Why implement an ERP for professional services companies?

November 23, 2022

1 - What is an ERP software for a professional services company?

The definition of ERP is as follows: Enterprise Resource Planning.

Behind the acronym lies a more precise definition of what an ERP is. It's software that enables you to manage a whole range of business processes on a single platform. An ERP is therefore a management software solution designed to facilitate business management.

There are many types of ERP adapted to every kind of business. The functionalities and contributions of the ERP will vary according to the users' needs. An ERP for a professional services company allows for the management of activities ranging from resource management to invoicing / invoice production. This type of ERP only offers benefits adapted to professional services companies; for example, stock management, focused on the sale of goods rather than the provision of services, does not benefit. 


Discover our ERP guide for even more details!


ERP for service companies will offer the following functionalities :

  • Employee management
  • Pre-sales management
  • workload and resource management
  • Time and task management
  • Project management
  • Expense management
  • Leave management
  • Contract management
  • Billing management
  • Financial reporting


An ERP can also offer CRM (Customer Relationship Management) functions to manage sales processes.


2 - What are the advantages of an ERP software for a professional services company?


You can expect 3 major benefits from ERP:

a. Save time thanks to process automation

ERP automates the processes of a service company. At the same time, it considerably reduces the time spent working on these processes.

By creating workflows (task flows), ERP enables actions to be distributed easily and automatically. For example, an employee submitting an expense claim will not have to send the details to the approver himself. ERP organizes the approval circuit right through to automated processing in finance.

As each process is systematically automated, repetitive tasks are reduced for all ERP users. Everyone gains in time and productivity. The greatest productivity gains are achieved by administrative managers. Several working days per month can be saved.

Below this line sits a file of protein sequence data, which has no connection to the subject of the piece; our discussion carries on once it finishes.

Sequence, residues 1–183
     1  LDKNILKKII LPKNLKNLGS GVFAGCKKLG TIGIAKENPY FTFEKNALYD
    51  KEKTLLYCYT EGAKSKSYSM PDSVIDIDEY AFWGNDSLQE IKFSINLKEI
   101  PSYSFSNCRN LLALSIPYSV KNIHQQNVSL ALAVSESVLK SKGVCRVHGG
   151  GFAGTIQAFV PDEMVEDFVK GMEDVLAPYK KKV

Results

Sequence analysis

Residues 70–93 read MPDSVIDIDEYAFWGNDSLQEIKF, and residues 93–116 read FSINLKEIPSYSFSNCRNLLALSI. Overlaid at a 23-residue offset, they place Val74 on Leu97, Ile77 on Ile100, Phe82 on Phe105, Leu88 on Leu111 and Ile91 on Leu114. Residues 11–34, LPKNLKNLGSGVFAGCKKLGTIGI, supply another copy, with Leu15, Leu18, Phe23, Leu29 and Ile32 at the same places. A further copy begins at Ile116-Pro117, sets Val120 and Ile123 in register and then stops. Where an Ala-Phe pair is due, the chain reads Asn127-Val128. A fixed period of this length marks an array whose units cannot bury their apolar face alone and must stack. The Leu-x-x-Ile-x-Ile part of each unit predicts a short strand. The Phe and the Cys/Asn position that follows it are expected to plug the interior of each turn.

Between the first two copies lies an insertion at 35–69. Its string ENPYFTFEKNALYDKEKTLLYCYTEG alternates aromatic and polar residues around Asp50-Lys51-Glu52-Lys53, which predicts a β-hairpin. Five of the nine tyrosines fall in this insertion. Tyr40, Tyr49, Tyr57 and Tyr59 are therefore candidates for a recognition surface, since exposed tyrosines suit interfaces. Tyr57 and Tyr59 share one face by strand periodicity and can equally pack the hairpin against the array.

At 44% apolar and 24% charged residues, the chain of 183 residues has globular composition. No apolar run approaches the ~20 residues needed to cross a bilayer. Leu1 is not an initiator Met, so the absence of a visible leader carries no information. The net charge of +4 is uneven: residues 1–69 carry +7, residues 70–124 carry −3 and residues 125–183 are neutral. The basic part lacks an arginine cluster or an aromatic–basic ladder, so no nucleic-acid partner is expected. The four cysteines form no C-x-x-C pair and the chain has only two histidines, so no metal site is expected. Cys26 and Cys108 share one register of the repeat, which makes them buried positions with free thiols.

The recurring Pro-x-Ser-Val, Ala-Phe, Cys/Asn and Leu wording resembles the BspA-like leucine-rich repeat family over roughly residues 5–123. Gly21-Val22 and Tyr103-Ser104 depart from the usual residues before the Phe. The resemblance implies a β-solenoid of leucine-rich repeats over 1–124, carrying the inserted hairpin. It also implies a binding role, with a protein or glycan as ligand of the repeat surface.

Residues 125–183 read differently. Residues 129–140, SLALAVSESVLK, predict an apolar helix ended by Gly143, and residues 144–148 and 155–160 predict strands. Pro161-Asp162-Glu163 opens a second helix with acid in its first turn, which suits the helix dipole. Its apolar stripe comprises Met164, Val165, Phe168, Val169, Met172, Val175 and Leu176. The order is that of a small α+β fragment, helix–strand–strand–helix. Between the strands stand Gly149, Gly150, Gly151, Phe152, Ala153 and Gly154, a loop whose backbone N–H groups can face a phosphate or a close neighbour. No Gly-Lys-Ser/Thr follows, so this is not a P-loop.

b. Simplifies processes

In addition to automating tasks, ERP simplifies processes. By decentralizing tasks and connecting users, processes are better organized and optimized. ERP implementation is often synonymous with process review. This enables us to identify opportunities for simplification, for example by reducing unnecessary steps in a process, or reorganizing it to make it more efficient.

As users can move tasks forward from a distance, it simplifies organization by encouraging asynchronous work, carried out by the right people at the right time.


c. All information available in real time

The huge advantage of ERP is its ability to provide real-time visibility of business activity. By connecting all business data to each other, the software provides the right information, according to need, and offers indicators to monitor and improve company performance.

For example, pre-sales information will be displayed alongside sales data already ordered, to better anticipate forecasting. The analysis of project margins will take into account employee salaries, as well as purchases reported by another module, to display actual margins.

An ERP for a service company can display key indicators, such as utilization rate staff members, project margins, income statements by activity, sales achieved by each employee, etc...

ERP provides visibility on actual performance, normally with the possibility of filtering information according to criteria (period, activity perimeter, etc.). When the software also includes schedule management and resource planning, it can provide visibility on forecasted performance.